"We did have a bunch of shows (some announced, others not yet) that went down the drain... But we’re increasingly more fortunate than bigger bands that had to cancel whole tours for which money had been already paid for whatever reason (logistics, advances, etc.). We are trying to reschedule the gigs, but honestly half-heartedly, because we don’t know if (although highly probable) and when the second wave will strike. That’s why we aren’t saying things like “buy cheaper pre-sale tickets” and stuff like that to our fans at the moment. On the other hand, we are constantly working on new music. In fact, our next single came out on 23.05.2020, exactly the day I turned 25."
For metalheads visiting Sibiu, what sights / attractions and bars / venues could you recommend?
"Well, Sibiu is not a big city at all. It’s wonderful to visit it, but you will probably learn it in a few days. I totally recommend the village museum, right outside the city. I think it’s the largest in Europe, and extremely beautiful. Also the city centre is quite pretty, if you don’t mind flocks of tourists and pigeons. You can find the Evangelical Church there, right in my high school yard. It’s a nice area. In terms of venues and bars, Sibiu doesn’t have it so great. If you’re looking for metal, you’ll most definitely end up at the Rock & Bike Club, as do we."
Do you have any greetings or thanks you wish to send out to friends, fans, family, etc?
"Stay strong. Each person is different, each reacts differently to such large-scale events. I, personally, besides the gigs and not being able to see my friends and family or to travel, am not too affected, as I work from home and am an introvert anyway. I’ve been composing and practising like a madman, so the time is put to good use. I’m not saying you’re worthless if you’re not productive. Not at all. It’s simply what works best for my well being. Take care of yourself, and don’t despair. Do a little something everyday. Check up on your loved ones. Listen to our music."
"A great social and musical influence had the fall of the Romanian communist party and the transition to democracy. "
If Dracula had ever listened to metal, it would definitely have to be an extreme kind of metal, something like Underwaves. Mixing various types of metal together, the quartet muster up a sound that is far more piercing than the vampire lord's fangs. Lashing together the genres of Melodic metal, Metalcore, Nu Metal, Alternative Metal, Groove Metal and Deathcore, you basically end up with Modern Metal Romania-style. Having been going since late 2017, the band has won the Rock'n'Iasi Festival Bands Contest last year whilst in the same year releasing their debut album. They are sure to make a name for themselves throughout the European underground metal scene. GMA spoke to them about their origins, the challenges Romanian Metal bands face and what to do in their home city of Brasov... home of Dracula. No vampires were hurt in the making of this interview.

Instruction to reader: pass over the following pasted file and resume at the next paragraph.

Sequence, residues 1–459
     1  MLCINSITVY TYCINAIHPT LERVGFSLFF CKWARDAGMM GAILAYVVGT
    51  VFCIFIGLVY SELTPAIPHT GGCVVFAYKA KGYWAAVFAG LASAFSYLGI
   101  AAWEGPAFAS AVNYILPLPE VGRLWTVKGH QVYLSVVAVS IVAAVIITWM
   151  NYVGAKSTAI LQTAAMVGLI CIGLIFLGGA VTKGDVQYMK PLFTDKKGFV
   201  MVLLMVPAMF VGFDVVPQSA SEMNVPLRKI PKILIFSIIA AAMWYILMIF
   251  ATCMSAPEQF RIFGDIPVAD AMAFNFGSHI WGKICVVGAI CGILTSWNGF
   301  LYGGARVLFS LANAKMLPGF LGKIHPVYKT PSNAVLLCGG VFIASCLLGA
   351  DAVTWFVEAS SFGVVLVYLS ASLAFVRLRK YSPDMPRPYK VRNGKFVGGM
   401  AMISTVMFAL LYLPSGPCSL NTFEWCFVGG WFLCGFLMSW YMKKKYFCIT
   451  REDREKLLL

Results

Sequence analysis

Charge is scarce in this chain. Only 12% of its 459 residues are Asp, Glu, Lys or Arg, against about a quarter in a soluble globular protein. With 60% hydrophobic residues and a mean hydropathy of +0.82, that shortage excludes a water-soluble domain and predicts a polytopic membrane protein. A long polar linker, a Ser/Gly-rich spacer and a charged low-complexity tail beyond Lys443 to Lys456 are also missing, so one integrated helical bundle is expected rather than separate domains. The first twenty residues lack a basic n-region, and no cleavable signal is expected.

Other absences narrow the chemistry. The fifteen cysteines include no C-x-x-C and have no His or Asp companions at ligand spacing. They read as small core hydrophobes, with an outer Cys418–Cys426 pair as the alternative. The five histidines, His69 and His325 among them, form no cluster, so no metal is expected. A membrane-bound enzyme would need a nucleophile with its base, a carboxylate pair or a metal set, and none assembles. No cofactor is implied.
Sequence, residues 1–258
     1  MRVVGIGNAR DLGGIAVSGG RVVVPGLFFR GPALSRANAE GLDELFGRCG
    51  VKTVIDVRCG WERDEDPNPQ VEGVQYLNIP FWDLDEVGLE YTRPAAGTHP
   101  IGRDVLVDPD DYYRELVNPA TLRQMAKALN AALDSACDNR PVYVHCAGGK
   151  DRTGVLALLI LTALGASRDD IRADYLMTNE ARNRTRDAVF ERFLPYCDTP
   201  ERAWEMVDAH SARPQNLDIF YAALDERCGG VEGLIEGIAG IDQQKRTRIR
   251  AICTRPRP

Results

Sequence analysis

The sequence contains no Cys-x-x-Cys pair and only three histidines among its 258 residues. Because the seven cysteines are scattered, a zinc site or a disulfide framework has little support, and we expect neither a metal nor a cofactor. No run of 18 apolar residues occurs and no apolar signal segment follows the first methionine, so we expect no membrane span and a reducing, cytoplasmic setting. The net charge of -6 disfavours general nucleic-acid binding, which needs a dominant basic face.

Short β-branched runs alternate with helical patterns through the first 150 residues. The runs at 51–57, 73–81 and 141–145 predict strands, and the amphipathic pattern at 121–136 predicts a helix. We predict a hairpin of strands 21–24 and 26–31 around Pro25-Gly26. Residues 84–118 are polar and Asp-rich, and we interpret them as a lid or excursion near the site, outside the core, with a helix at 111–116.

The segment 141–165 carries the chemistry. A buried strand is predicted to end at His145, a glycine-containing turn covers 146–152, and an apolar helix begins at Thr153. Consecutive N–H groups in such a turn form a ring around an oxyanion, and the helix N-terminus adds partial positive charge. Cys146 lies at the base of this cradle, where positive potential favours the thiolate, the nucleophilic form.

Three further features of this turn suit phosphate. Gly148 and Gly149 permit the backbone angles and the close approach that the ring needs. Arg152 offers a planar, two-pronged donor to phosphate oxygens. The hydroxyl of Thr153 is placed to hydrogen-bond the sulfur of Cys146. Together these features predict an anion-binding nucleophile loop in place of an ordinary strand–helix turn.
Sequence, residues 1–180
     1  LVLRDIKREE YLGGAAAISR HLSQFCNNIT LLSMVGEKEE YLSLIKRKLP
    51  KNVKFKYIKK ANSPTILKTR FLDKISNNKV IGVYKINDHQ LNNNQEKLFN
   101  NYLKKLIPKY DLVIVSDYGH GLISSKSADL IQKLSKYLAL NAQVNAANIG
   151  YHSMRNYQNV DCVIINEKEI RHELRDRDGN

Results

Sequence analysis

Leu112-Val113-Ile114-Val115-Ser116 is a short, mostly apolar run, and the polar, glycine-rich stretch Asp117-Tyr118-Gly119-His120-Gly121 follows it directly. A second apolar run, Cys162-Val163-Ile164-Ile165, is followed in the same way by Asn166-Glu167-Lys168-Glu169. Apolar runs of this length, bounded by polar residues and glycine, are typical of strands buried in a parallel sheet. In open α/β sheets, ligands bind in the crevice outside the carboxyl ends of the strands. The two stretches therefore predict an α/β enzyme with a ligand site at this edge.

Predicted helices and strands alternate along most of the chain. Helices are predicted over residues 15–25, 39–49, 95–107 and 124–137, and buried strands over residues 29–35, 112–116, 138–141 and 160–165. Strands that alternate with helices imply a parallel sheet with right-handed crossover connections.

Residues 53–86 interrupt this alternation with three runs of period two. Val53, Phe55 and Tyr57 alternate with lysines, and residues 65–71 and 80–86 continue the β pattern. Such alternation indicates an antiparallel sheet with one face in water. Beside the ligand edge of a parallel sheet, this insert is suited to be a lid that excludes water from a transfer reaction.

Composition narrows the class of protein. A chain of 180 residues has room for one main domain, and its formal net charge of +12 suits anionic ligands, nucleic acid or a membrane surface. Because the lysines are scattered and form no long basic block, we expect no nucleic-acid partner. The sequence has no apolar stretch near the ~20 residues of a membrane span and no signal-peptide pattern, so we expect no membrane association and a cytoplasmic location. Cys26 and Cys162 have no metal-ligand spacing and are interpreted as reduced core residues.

Ana Ignis (vocals) and Carol Alexandru (guitarist) gave us the insight.
For those who have not heard of Underwaves, could you explain how the band came into being and where the name came from?
"I made the decision very spontaneously, while I was at work and listening to music. I played in a few bands before, but none of them resonated musically with me. Whenever I was at concerts and saw the bands playing, I imagined what it would be like to be in their place. It was quite difficult for me to see others living their dream on stage, so I decided to do something about it. That day I picked up the phone, called our bassist, Bogdan, and asked him if he was willing to play with me in a band. We knew each other before, because we had a few more projects together. The next one I called was Dan, the drummer, and the last one was Carol, the guitarist, who initially rejected the idea.
"The name Underwaves implies duality, mystery, the fact that what is seen always has a meaning inside. The visible part of things hides certain factors that define those things. What is on the surface hides what is underneath. So is our music, it hides our feelings, emotions and feelings."
Seeing as the band had a good career start, what are your next batch of plans once the COVID-19 pandemic has calmed down?
"We had to cancel our entire spring tour due to this pandemic and we are planning to reschedule all the dates, maybe add some more tour dates in it."
How would you describe your sound without the use of genre tags?; seeing as you use Metalcore, Deathcore, Groove and Alt Metal.
"Usually the genres are used in order to fit a band in a specific label, I wouldn’t say that we can fit in one single genre. Honestly, I don’t even know what we are playing if we take the word “metal” out of the description :) ) I would call it simply “metal”, nothing fancy."
What has the band been doing at home during the pandemic? What other hobbies / interests do you all have?
"We were a little bit stressed due to our jobs and we had to focus more on the financial part unfortunately. We still wrote some pieces of music, riffs and we have 2 new songs in progress. Regarding the hobbies, our drummer plays video games, our bassist is a movie watcher, Ana is shopping online and I do sports."